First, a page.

On retirement or throttling-back on work, many 60lifers look to spend more time on lifelong interests, or in pursuing new hobbies, like family history, visiting churches,or perhaps a more unusual hobby of visiting a ‘ collection ’ of many cemeteries and curiosities.The latter pastime is often in the cause of providing voluntary help necessary for the preservation and protection of gravestones; the study of people buried in a particular place;tombstone photography;tombstone rubbing and gravestone design, often used as an inspiration by artists,or it may just constitute a good day out in the fresh air walking.
You may now have more time to pursue hobbies like genealogy.It maybe something you have always had in mind to do given more time.You may also feel that as you grow older you perhaps owe it to those younger in the family to provide as much information as possible about the family’s history so that it can be passed down to future generations. Or you may simply have an inquisitive nature and have stumbled upon this absorbing hobby. Continue reading 5 easy tips on taking the first steps to trace your UK ancestors
It seems a great many people do. A current google search using a keyword such as “breathing” will produce many tens of millions of references, many pointing to advice and information, much of which is clear It and helpful in our daily lives. It is clearly an important subject.So why add to the many millions of words already swirling around the internet, and elsewhere in books and magazines? Some messages are so important that they cannot be reinforced in the general population too often, one such is : Breath is Life. Continue reading Why the way we breathe is so important to our health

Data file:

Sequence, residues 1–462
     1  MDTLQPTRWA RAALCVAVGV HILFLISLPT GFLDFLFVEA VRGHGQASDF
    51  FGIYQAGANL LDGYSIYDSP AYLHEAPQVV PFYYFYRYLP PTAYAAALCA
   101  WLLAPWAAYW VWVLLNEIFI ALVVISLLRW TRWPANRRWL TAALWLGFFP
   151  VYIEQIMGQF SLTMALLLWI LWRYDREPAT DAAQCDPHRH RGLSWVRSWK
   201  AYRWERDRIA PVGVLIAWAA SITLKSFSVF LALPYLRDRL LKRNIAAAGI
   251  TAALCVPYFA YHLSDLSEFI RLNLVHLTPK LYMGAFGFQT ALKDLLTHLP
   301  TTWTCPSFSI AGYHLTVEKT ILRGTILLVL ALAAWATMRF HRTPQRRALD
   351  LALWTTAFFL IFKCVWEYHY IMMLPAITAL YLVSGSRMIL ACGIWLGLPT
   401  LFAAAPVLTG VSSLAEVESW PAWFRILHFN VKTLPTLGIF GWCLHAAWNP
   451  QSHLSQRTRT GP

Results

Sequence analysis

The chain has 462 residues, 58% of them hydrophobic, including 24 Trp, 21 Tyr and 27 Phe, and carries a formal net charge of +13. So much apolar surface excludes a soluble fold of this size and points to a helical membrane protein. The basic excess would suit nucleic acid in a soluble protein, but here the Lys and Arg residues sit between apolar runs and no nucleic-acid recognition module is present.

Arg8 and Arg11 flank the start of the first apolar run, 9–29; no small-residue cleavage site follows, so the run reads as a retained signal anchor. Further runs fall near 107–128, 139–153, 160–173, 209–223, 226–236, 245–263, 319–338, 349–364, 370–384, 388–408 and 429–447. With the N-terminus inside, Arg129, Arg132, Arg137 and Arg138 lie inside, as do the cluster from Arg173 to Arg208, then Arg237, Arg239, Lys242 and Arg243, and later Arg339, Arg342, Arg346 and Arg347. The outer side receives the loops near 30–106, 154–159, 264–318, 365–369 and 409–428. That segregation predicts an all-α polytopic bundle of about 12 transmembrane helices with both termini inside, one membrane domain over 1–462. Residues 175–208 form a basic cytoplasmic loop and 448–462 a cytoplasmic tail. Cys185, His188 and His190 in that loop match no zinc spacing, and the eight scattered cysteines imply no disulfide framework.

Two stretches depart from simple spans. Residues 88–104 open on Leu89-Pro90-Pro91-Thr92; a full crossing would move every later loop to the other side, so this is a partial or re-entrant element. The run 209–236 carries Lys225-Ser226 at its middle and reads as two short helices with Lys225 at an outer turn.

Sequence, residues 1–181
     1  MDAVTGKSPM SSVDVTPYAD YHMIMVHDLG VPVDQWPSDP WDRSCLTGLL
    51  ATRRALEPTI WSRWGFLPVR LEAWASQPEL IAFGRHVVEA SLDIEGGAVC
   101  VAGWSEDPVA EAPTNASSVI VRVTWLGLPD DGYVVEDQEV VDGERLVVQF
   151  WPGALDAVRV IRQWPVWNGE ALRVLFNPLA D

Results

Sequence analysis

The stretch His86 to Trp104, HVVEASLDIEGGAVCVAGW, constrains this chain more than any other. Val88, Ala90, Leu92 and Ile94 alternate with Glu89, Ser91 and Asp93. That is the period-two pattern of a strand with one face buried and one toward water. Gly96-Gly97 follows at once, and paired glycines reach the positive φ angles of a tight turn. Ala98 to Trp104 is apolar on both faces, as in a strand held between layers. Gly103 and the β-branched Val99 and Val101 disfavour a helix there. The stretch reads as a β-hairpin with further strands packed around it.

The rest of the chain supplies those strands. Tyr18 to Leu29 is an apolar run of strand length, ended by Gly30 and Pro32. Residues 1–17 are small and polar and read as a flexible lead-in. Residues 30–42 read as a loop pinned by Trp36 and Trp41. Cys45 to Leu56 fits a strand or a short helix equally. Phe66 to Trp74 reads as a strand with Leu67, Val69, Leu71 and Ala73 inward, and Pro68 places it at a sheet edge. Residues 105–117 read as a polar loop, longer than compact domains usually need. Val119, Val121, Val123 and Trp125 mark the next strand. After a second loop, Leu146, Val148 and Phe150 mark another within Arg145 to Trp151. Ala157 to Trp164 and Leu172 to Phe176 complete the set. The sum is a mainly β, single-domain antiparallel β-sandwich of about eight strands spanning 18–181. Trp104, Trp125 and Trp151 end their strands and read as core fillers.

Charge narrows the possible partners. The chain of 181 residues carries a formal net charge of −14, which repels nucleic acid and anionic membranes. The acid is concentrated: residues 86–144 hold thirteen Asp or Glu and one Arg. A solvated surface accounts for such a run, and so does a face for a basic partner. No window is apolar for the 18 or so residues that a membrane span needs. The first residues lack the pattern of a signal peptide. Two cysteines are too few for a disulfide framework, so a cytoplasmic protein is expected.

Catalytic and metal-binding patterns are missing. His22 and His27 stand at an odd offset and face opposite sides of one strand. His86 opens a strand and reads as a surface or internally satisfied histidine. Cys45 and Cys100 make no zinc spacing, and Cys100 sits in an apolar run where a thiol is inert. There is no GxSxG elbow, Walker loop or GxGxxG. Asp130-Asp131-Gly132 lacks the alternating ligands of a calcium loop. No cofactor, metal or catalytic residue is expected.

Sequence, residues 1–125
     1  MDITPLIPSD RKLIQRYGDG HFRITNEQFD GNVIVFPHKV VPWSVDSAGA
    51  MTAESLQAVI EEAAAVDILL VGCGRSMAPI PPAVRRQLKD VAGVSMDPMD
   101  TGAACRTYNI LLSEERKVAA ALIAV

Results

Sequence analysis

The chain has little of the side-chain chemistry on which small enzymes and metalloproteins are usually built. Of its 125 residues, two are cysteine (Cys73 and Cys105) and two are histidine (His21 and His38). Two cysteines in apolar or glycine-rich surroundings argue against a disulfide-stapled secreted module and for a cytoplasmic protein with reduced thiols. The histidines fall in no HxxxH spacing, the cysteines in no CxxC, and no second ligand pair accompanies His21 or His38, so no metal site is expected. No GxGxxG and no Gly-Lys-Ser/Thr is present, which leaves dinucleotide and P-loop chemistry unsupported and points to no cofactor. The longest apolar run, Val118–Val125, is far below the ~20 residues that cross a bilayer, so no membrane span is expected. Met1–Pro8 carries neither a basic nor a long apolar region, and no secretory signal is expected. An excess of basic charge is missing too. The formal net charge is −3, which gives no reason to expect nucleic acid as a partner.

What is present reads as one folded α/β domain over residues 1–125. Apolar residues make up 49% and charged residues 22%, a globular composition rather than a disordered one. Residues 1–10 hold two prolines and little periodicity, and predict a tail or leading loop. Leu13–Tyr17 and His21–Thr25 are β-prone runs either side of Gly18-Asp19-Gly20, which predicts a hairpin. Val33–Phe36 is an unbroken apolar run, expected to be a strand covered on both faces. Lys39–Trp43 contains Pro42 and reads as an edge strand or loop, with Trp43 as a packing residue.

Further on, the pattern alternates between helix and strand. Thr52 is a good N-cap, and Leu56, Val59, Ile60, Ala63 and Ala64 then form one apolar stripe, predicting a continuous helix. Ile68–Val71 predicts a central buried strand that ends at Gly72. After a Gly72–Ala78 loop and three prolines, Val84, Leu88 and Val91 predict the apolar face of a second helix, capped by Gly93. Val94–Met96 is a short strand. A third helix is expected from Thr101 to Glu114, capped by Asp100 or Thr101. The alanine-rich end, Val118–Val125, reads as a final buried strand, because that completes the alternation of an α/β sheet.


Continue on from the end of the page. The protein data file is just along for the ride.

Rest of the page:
Of course stress has no respect for age.We know it’s part of life.Its destructive nature can affect anyone at any time, and the long term effects can creep up like a shadows in the night inflicting their damage to our health, catching us unawares.The natural ability to withstand the persistent onslaught of stress is much degraded,as we grow older, but succumbing to ravages to health is not inevitable. Continue reading The short guide to dealing with stress in later life
Breaking old habits of a lifetime is just what the doctor ordered if,for your health’s sake,you take for inspiration that you’re never too old to adopt new healthful habits. The rewards: In the Johns Hopkins-led Multi-Ethnic Study of Atherosclerosis,which tracked more than 6,000 people ages 44 to 84 for over seven years, those who made good-for-you changes like quitting smoking, following a Mediterranean diet, getting regular exercise and maintaining a healthy weight decreased their risk of death in the time period by 80 percent. The following changes not only keep you healthy, they can help slow down the ageing process, inside and out. Continue reading Why changing some old habits can benefit you in later life
Flexibility is something we all need in our everyday lives in order to function properly and with relative ease.It provides a range of movement in a joint or joints, and muscles across joints.Without this ability, everyday activities, even simple personal ones, become more difficult to carry out. Also a person’s balance can be seriously affected leading perhaps to being prone to falls resulting in further injury.The problem is that as we age our flexibility tends to deteriorate,and also this resultant lack of function has often become worse over time because of a sedentary lifestyle.Many of us take take flexibility for granted until we begin to lose it. Part of the problem is therefore unconsciously self-inflicted.So what to do if afflicted, say, with back pain or loss of mobility? Continue reading How to be physically flexible at any age